A collection of worker advocates and long-term care provider associations Tuesday called on the Senate to adopt a House version of President Joe Biden’s Build Back Better plan — and add more funding to address the needs of seniors and their caregivers.

Build Back Better, as passed by the House on Nov. 19, is a nearly $2 trillion social safety net plan that includes roughly $150 billion to boost home- and community-based services under Medicaid and $329 million in grant funding for recruiting, retaining and training long-term care workers. It also addresses affordable housing and seeks to add new layers of regulation for skilled nursing facilities, including mandated staffing levels and an expansion of the Special Focus Facilities program, which makes for somewhat of a mixed-bag for aging services providers.

The package is “the most important legislation in a generation for older Americans,” despite little national attention on provisions geared toward seniors and those with disabilities, said Katie Smith Sloan, president and CEO of LeadingAge.

“Build Back Better has the potential to significantly impact the lives of today’s older adults and all of us who hope to grow old with health and dignity,” Sloan said during a teleconference arranged by her organization. “The Senate’s job is clear: to adopt these investments without shaving off one dollar, and to indeed increase them.”

Sloan called for a doubling of Build Back Better’s spending on affordable housing for low-income older adults and for additional funds to support staffing provisions affecting skilled nursing providers. The latter include a proposal to enact federal minimum staffing requirements and adopt 24/7 registered nurse coverage in all nursing homes. Sloan called these requirements unrealistic without dedicated funding to make them happen. Currently, only six states require round-the-clock RN staffing.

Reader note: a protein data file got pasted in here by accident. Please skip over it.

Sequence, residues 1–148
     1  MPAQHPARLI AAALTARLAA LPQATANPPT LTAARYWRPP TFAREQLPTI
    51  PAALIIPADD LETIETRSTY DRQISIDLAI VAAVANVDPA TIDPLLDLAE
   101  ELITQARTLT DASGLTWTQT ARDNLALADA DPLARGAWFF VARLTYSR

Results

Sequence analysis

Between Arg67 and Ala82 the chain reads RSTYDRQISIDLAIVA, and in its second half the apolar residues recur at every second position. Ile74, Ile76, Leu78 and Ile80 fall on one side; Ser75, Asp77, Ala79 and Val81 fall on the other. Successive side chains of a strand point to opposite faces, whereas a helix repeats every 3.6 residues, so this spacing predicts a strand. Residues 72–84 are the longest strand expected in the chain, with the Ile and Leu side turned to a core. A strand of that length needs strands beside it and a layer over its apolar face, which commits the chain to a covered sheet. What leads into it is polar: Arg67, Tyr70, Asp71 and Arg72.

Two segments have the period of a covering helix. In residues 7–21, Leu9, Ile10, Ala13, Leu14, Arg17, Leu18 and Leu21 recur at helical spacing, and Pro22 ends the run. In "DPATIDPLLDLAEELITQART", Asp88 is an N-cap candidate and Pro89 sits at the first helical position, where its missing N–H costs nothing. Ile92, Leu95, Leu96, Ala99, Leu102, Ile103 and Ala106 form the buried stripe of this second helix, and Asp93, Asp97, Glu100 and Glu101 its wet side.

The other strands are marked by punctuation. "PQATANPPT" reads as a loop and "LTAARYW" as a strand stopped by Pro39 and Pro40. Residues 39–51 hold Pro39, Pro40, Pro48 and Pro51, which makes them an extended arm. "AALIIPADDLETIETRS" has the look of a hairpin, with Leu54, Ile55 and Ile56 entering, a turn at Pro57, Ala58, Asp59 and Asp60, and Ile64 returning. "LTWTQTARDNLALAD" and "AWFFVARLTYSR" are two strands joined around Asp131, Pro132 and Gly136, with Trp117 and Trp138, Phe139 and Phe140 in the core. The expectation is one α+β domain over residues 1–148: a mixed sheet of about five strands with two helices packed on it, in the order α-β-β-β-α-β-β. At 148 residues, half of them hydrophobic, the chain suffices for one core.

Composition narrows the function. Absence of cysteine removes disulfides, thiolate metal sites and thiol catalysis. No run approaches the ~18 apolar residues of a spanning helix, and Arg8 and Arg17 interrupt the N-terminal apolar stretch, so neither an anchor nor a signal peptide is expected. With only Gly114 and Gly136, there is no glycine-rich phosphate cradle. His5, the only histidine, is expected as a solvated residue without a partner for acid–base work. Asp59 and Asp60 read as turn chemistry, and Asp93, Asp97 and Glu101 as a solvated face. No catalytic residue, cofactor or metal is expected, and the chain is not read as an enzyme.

Charlotte Haberaecker is president & CEO of Lutheran Services in America, which operates 1,400 healthcare and senior living communities in 45 states. She referenced an earlier estimate from the American Health Care Association that found increasing nursing hours to the proposed level would precipitate the hiring of 21,000 additional nurses and carry a price tag of $2.5 billion annually.

“These are unfunded mandates to add additional staff during a period of historic workforce shortages,” Haberaecker said. “So without funding to support increased staff and without meaningful policies to improve workforce supply, they’re only going to accelerate the workforce crisis and reduce older adults’ access to services.”

Others call for transparency

Their concerns about recruiting came on the same day that The National Consumer Voice for Quality Long-Term Care published a new study that finds 29 states have minimum nurse care requirements that are significantly lower than a 4.1-hour-per-resident research-based staffing standard proposed in a study for CMS in 2001 but never adopted.

Consumer Voice Executive Director Lori Smetanka called on the Senate to maintain the existing provisions in hopes of improving care quality.

“Long-term care providers receive billions of dollars in public funds to provide care from Medicare, Medicaid and supplemental government payouts,” she said in a statement. “Yet there is a lack of transparency and accountability for how they spend that money, or whether adequate amounts go toward the provision of care — the only thing that really matters to residents. 

“We are asking the Senate to include these provisions that would improve the quality of care and enhance the transparency needed to account for the use of public funds, including more than $4 billion in additional funding to assist with recruitment, training and retention of staff.”

While AHCA and LeadingAge have expressed support for quality improvements to the long-term care workforce, each has cautioned that new requirements without funding could force providers to close their doors.

“Oftentimes, nursing homes are struggling to find and retain qualified nursing assistants, especially during COVID-19, when the pandemic has reinforced how dangerous working and living in nursing homes can be if they’re not properly resourced and funded,” Robert Espinoza, vice president of policy at PHI, said during the Tuesday LeadingAge event. “It’s important that we think about, ‘How can we improve financing for nursing homes and how can we strengthen the overarching LTC system?’ ”